Introduction: Comprehensive Survival Fire Kit
This is the lightweight, compact, and inexpensive fire kit I keep in my BOB. Remember that two is one and one is none in your kit so carrying multiple methods of creating fire and firestarters is essential.
Step 1: Container
I use a basic plastic container that has a locking lid with a rubber gasket. It's cheap, tough, and, most importantly, waterproof.
Step 2: Fire Methods
It's important to carry multiple methods of starting fire because each work better in different conditions. I carry 2 adjustable lighters, safety matches, a magnifying glass (wrapped in plastic wrap to prevent scratches), and a firesteel or ferrocerium rod. The lighters and matches are by far the easiest ways of starting fires but also the least reliable in windy or wet conditions. The magnifying glass does not use any resources to start fire but can only be used in sunny conditions. Last, the firesteel or ferrocerium rod is works in all conditions but requires dry and fine tinder.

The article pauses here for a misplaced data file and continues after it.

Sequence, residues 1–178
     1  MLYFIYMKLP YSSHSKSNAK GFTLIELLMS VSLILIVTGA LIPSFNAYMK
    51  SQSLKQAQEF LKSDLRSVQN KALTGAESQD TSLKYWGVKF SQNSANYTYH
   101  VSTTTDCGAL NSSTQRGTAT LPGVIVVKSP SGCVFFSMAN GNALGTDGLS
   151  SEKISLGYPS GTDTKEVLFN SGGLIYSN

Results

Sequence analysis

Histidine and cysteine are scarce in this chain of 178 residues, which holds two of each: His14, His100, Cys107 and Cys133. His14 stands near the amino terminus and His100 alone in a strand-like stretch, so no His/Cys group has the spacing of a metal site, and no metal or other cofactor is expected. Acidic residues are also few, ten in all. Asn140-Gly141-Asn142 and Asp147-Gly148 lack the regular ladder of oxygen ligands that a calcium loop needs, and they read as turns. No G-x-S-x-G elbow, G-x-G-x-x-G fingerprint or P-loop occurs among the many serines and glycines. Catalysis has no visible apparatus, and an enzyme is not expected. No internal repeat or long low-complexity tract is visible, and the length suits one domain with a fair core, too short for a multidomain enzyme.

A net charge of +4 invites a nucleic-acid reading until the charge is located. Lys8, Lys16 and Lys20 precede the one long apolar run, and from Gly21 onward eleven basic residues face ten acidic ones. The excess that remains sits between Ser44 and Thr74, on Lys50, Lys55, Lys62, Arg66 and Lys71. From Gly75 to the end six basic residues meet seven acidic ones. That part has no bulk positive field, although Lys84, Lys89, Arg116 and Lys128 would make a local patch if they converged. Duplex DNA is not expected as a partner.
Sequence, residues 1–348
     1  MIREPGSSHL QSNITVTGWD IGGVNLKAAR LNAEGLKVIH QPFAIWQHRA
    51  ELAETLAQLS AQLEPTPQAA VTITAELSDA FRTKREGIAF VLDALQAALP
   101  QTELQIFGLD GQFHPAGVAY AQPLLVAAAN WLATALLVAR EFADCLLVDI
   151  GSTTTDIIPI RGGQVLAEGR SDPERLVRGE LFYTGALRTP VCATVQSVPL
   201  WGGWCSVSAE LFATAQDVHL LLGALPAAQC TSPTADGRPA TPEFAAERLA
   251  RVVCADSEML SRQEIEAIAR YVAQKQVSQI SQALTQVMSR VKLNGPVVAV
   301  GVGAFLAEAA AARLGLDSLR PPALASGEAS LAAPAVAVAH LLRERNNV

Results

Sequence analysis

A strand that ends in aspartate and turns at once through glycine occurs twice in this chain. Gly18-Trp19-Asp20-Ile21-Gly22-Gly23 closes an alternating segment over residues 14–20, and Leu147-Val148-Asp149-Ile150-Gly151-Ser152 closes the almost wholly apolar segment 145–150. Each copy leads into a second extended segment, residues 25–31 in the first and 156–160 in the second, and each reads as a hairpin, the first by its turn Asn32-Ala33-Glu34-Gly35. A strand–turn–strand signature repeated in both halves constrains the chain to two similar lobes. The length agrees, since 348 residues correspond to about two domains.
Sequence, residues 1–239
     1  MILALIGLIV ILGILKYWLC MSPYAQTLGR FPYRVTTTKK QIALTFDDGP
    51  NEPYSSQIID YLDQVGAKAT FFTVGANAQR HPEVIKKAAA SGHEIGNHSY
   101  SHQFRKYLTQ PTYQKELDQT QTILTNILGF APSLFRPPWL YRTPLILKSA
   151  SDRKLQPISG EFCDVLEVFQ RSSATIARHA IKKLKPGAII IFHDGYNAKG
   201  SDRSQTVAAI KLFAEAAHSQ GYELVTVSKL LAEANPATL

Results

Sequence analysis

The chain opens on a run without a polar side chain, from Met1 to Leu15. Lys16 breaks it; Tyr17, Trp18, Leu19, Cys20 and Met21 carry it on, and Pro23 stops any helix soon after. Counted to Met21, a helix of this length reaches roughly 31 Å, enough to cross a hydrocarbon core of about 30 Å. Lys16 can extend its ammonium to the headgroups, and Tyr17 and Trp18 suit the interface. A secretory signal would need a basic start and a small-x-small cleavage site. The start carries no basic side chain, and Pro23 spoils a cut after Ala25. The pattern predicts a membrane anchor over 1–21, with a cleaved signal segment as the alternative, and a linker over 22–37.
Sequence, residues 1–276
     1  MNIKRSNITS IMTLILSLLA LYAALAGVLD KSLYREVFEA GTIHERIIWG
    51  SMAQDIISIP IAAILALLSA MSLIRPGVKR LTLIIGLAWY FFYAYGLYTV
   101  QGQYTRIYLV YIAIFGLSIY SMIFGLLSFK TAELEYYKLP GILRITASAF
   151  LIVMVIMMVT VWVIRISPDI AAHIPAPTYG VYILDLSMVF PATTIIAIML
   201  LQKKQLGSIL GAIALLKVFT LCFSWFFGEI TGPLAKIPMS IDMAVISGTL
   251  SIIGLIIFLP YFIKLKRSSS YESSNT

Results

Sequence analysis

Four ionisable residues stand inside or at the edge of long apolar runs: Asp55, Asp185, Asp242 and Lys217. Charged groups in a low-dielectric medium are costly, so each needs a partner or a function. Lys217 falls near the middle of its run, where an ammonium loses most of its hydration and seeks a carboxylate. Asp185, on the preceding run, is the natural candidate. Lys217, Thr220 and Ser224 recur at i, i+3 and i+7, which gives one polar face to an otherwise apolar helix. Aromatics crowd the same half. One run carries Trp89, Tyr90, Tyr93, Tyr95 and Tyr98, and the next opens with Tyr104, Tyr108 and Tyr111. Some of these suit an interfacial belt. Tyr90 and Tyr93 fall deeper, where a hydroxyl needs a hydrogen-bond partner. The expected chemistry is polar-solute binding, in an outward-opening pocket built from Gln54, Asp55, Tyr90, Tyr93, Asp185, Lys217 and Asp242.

Step 3: Firestarters/Tinders
To help start fires in the wilderness in poor conditions, I carry different types of firestarters and tinder. In my kit, I have about 1 meter of cotton cord that I dipped in wax. It easily lights with the flame of a lighter or match and if shredded, it can be lit with a firesteel. Similar to the wax cord is the wax firestarter and candle. These all serve as a flame extender to keep the flame of the match alive or conserving the fuel of the lighter.
For tinder, I carry cotton, char cloth, and wax paper that all easily take the spark of the firesteel or focused light from the magnifying glass. A pencil sharpener can be used to produce fine shavings from twigs and small branches.
Step 4: Conclusion
Your fire kit is ready to be put into your BOB or your hiking bag. You'll have peace of mind knowing that you can make fire in any condition.